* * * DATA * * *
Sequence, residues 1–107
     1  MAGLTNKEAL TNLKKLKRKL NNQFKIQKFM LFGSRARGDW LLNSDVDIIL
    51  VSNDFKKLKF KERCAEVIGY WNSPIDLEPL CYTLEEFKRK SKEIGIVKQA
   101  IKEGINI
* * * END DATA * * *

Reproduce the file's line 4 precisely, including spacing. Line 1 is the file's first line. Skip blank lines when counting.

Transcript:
   101  IKEGINI